One of the big questions people are asking in the lead up to the Tokyo Olympics is how athletes are going to react to competing in an empty stadium – or alternate venue – without a spectator in sight. I was interviewed about this by Fran Molloy back in April, for Macquarie University’s Lighthouse. This was back when it looked like domestic spectators would be allowed.
My take, in pull quotes:
The audience is just one of the many different factors that can positively or negatively influence performance. […] This year’s athletes are also dealing with COVID-related stressors, whether from living in a bubble or from the massive disruptions to training including the year-long postponement and the lack of competition over the last year and a half.
Every athlete will respond differently, and that’s what makes watching sport so exciting – we never know who is going to win the race when that start gun fires.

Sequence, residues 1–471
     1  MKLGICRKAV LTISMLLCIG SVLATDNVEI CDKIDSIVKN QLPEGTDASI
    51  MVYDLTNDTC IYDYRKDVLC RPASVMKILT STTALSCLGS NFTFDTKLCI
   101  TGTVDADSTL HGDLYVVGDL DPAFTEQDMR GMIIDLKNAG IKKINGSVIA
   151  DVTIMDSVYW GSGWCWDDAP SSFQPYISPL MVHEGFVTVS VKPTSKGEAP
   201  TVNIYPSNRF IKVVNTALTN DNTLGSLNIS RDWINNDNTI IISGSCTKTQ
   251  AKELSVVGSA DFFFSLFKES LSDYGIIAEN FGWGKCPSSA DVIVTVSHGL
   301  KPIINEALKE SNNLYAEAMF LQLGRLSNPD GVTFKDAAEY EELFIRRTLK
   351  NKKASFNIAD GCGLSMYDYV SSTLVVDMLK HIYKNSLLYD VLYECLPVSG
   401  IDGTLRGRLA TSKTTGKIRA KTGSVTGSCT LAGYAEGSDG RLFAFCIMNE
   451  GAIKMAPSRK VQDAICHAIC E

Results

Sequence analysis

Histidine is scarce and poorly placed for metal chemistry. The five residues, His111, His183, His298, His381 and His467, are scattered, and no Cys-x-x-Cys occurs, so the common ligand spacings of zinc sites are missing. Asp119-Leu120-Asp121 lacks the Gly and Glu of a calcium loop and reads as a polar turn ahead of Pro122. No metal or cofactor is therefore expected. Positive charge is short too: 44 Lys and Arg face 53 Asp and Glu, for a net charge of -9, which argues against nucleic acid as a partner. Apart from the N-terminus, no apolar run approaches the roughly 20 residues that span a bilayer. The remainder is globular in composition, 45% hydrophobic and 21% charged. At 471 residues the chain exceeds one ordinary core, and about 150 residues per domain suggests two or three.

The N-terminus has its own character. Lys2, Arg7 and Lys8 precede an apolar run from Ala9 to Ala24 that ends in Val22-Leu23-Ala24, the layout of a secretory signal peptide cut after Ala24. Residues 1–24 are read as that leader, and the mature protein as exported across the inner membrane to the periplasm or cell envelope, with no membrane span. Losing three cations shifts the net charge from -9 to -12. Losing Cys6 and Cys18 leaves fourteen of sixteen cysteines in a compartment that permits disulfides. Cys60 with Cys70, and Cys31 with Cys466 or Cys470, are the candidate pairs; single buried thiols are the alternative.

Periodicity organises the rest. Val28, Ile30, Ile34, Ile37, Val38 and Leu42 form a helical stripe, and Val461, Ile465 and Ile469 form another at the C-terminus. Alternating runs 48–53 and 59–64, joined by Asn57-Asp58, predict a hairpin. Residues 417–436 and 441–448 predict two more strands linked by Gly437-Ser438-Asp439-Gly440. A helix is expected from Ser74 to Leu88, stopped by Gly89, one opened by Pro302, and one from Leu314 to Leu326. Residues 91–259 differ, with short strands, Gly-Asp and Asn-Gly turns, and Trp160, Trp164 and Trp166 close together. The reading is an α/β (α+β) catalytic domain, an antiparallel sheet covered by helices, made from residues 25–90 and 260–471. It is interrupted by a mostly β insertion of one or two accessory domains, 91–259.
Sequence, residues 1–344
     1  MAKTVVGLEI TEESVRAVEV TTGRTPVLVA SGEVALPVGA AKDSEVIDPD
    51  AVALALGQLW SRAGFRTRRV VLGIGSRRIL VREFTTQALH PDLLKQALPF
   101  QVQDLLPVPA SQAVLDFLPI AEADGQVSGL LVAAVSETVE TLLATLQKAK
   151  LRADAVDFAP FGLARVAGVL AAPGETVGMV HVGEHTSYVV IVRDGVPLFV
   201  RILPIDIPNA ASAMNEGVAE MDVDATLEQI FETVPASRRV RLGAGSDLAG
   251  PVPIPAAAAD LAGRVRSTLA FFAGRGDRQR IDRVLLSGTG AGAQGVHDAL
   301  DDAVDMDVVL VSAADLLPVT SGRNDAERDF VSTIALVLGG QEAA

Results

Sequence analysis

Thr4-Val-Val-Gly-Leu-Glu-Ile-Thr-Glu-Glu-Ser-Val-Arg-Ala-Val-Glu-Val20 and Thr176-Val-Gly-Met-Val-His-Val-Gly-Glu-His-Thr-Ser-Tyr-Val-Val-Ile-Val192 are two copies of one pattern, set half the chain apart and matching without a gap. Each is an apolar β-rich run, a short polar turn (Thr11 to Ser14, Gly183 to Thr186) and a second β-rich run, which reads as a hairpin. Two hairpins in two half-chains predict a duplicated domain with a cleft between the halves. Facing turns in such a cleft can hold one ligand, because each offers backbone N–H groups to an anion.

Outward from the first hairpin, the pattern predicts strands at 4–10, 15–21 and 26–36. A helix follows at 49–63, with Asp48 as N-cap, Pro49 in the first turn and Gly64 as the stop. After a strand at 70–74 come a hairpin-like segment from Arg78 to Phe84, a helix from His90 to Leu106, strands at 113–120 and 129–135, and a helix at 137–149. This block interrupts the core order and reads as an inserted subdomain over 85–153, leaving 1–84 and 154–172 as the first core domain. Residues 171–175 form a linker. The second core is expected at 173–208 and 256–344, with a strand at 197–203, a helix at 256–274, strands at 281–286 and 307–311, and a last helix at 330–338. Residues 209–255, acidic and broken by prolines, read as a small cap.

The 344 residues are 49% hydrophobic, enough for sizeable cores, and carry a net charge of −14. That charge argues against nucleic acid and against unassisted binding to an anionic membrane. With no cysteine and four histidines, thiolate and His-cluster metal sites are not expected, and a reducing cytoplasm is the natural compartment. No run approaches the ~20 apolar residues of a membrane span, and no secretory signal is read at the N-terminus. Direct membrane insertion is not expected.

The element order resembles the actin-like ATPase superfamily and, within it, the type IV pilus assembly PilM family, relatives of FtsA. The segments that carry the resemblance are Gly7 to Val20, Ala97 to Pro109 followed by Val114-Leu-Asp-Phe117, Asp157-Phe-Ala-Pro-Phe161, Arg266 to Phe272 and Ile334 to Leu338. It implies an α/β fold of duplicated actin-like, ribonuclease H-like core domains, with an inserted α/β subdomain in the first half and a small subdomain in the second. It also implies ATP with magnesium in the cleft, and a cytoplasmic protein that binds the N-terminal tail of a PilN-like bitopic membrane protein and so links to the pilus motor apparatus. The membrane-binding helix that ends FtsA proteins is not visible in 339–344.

Athletes who succeed at the top levels go through an ongoing process of dealing with change, challenge and fluctuation.
You can read the full Lighthouse article here (and marvel at how Fran pulls info from various sources together to create it).
For a recent peer-reviewed journal article on how athletes deal with change, challenge and fluctuation, check this one out: Embodied intelligence and self-regulation in skilled performance: or, two anxious moments on the static trapeze (Review of Philosophy and Psychology, 2021).
For earlier peer-reviewed journal articles on the overlapping experiences of athletes and spectators, explored through case studies on mountain bike racing, seek out these two. Incidentally, this topic is what got me into research as a long-term career choice:
Feeling them ride: corporeal exchange in cross-country mountain biking (About Performance, 2010).
Sport, entertainment and the live(d) experience of cheering (Popular Entertainment Studies, 2011).
Hosting the Olympics in the middle of a pandemic is certainly a controversial choice. I hope, above all, that people are able to stay safe, and those athletes who are unable to compete due to thes – and related – circumstances are able to find alternate avenues to do what they do best.
Header photo: Ryunosuke Kikuno via Unsplash.
Body photo: supplied (Lighthouse article).